I guess I forgot.
In all the planning and the lists and the shopping, I didn't stop to think that my 6-foot, 4-inch son might be scared about this new adventure he's leaving on.
Last night he came home from work and walked into my darkened bedroom to kiss me goodnight, as he does every night since he started staying out later than I stayed up. This time though, he stretched out beside me and told me how sad he felt about leaving everyone behind -- his friends, his job, his co-workers.
"Everything's going to change," he said.
And I couldn't deny it. Life is going to change for him and all of his high school buddies. They might be together again, but it won't be the same.
A lot of his friends opted to go to Ohio University. They'll all be there together, moving their high school clique to a bigger venue. He's going 16-hours away by car, only two hours by plane, to Florida.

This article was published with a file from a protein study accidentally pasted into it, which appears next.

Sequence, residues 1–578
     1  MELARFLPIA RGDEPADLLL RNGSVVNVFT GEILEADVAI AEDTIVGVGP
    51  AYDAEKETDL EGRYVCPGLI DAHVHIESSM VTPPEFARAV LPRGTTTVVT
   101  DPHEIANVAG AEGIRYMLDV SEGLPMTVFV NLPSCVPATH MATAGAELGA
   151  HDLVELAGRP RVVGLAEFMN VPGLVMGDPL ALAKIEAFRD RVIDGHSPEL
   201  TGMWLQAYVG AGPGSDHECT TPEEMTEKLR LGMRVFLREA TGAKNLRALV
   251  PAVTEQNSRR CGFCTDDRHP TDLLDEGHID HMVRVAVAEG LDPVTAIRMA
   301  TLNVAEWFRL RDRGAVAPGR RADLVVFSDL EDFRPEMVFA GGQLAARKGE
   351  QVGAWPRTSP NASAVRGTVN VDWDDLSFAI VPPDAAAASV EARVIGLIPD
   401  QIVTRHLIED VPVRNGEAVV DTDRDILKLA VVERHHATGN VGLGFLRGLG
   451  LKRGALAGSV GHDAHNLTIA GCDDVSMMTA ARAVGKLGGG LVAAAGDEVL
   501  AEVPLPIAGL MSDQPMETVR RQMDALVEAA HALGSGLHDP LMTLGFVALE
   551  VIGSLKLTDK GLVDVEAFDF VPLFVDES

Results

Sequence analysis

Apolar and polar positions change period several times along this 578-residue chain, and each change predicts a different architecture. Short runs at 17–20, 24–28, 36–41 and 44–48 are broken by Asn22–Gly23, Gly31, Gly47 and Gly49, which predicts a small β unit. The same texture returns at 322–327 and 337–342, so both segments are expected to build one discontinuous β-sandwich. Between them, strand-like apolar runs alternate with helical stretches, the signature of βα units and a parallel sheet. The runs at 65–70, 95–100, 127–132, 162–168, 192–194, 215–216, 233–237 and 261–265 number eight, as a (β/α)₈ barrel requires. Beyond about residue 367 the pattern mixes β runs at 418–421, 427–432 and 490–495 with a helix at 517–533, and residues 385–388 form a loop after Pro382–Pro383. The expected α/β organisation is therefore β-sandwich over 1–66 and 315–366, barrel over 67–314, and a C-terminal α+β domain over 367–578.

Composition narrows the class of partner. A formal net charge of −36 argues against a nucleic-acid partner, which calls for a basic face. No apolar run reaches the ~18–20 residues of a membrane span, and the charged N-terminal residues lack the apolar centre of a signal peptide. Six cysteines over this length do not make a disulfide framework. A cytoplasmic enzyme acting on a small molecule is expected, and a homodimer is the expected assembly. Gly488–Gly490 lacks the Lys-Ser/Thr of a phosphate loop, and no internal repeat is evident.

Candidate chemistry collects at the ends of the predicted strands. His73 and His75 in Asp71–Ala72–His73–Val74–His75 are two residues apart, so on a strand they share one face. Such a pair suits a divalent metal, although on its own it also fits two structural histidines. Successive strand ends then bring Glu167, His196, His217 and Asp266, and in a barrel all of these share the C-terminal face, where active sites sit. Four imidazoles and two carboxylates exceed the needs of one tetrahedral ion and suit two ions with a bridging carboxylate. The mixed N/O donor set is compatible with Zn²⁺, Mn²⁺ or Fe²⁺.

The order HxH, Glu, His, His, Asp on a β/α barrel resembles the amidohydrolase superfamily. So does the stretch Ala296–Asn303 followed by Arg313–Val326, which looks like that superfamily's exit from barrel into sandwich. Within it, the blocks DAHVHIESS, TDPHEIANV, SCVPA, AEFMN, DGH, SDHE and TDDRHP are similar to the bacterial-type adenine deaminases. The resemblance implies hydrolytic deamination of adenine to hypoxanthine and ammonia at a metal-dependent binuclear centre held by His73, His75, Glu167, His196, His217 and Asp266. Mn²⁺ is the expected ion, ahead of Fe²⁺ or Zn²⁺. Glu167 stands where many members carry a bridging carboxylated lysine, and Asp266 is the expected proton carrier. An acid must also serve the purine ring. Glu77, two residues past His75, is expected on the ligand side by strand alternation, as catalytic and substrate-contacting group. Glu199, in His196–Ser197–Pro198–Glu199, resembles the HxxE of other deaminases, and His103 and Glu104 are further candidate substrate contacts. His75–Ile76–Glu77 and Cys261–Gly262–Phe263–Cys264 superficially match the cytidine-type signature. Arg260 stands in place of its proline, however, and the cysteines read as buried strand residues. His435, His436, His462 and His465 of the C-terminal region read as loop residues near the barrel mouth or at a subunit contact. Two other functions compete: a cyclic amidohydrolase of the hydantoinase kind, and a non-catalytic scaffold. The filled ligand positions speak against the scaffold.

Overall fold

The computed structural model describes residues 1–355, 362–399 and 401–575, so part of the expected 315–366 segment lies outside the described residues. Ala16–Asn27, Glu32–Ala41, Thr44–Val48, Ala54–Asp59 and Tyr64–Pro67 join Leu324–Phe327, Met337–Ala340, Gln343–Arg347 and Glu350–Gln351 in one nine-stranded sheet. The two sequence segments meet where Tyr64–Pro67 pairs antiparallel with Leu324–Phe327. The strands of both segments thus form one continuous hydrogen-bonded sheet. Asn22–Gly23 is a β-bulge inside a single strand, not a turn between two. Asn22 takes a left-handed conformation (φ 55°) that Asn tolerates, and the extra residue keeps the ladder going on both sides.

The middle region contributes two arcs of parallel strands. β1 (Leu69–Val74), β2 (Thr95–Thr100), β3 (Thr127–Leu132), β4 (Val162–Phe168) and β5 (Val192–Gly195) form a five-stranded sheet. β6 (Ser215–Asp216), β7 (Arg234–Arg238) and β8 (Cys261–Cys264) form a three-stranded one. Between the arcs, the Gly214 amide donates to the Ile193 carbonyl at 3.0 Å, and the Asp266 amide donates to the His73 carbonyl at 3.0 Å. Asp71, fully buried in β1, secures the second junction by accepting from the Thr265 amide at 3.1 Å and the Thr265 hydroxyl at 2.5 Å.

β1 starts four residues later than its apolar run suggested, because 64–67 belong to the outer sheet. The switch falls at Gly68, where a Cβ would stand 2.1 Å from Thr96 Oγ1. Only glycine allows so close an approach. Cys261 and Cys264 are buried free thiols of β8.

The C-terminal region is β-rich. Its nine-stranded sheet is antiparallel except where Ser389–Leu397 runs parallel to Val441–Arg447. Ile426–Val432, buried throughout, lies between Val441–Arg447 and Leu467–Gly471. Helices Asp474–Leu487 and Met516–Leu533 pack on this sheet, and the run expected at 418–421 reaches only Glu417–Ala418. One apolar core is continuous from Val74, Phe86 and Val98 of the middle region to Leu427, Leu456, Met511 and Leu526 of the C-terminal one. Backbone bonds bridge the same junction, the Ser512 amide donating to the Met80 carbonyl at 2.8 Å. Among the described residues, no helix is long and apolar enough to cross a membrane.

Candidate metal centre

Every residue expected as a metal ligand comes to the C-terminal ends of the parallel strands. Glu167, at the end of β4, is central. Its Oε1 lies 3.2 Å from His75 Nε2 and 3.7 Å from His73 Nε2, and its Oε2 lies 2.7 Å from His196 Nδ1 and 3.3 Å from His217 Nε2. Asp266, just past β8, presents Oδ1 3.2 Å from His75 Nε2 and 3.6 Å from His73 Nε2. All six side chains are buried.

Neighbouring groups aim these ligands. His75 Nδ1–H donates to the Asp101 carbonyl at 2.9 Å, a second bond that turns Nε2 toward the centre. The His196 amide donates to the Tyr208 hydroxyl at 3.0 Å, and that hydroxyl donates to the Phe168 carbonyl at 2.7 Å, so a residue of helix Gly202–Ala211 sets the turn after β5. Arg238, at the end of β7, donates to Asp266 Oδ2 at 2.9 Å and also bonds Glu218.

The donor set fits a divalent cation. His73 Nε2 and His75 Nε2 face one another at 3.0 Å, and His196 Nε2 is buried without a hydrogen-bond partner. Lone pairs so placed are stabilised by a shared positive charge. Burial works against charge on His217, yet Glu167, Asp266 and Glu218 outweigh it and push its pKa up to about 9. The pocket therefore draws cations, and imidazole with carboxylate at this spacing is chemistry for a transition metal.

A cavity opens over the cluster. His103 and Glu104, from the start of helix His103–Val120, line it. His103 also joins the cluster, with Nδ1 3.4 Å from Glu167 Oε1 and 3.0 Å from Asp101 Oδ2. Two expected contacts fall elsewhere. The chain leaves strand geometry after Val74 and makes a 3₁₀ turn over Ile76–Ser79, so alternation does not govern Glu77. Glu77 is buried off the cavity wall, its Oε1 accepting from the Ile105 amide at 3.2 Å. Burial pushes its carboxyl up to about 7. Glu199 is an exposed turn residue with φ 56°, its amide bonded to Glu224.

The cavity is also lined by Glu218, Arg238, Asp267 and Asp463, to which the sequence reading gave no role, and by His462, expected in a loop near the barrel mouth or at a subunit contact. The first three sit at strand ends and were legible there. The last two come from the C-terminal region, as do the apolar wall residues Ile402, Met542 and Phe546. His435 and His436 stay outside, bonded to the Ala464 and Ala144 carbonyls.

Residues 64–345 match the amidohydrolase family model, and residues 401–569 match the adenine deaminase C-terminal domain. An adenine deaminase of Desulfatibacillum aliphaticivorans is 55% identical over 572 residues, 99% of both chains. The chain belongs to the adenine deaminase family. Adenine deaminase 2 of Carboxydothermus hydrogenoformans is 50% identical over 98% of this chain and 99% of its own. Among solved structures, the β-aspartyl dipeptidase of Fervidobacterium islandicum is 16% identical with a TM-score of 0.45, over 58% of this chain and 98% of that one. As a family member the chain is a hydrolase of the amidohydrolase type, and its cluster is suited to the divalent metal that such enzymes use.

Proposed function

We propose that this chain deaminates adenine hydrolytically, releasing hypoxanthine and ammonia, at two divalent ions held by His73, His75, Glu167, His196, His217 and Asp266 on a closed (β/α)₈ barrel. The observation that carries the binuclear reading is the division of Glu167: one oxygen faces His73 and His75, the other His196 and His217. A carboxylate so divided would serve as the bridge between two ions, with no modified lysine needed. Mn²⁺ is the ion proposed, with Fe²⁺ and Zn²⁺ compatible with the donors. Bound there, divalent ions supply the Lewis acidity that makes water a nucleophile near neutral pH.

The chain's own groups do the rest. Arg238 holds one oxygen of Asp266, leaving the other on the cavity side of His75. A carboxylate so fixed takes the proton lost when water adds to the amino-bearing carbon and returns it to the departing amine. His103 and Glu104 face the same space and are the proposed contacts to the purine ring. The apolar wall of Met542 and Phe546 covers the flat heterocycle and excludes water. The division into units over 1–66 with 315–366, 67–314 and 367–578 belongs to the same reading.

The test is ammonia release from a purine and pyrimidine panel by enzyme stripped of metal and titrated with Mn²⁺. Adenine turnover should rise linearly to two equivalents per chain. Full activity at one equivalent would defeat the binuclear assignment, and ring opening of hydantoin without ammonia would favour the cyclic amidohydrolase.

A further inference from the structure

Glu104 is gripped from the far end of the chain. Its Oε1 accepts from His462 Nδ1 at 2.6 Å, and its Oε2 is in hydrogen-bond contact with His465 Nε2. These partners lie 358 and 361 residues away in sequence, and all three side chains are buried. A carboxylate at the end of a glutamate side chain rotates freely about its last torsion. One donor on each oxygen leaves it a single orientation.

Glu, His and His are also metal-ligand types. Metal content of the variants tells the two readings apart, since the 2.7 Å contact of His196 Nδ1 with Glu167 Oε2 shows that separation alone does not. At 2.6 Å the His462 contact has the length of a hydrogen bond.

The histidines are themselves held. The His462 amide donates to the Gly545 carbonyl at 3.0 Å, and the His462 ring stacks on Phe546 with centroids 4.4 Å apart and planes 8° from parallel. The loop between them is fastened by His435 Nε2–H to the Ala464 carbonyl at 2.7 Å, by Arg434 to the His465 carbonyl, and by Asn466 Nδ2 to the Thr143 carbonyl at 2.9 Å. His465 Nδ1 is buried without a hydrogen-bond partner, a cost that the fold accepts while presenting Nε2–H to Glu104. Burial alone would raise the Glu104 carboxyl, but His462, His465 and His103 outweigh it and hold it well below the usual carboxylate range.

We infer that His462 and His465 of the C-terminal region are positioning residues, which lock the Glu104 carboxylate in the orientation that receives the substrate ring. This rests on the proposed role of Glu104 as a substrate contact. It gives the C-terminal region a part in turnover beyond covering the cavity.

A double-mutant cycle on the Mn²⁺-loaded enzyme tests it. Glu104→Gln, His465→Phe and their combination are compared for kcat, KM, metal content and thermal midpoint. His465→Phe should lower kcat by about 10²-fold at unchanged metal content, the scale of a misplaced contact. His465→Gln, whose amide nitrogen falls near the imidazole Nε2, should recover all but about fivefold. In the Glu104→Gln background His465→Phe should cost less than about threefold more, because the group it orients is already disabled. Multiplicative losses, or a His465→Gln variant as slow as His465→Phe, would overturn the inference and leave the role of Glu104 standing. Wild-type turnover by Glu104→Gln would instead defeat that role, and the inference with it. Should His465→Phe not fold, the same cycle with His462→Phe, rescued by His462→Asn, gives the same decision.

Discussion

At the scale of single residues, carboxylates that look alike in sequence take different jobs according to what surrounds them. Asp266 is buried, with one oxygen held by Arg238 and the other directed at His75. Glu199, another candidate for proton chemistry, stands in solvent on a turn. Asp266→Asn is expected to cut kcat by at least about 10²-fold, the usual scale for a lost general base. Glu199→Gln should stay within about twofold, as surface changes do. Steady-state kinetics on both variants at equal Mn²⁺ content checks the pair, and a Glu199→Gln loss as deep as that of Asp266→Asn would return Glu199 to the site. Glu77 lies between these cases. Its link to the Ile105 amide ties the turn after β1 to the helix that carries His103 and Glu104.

And as he submitted his summer essay, took the alcohol training, and ordered books for classes, it all seemed like so much planning. Then as he hung out with his best friends on Sunday and said goodbye to people at work on Monday, the reality began to sink in.
He felt sad all day Monday, he said, while he sat fishing with his dad and brother.
We talked for awhile, lying in the dark bedroom. We talked about the regrets he had from high school and some goals he had for college. I urged him not to focus on the regrets.
"The mistakes are part of what make us who we are. You don't want to erase all of the mistakes because you learn from them," I told him.
"I'm going to miss you," he said. "Who will I talk to if you're not around?"
And it's true, I'm the one he turns to when something really deep is bothering him.
"You can still talk to me," I promised, "but you'll make friends and maybe find someone you can confide in."
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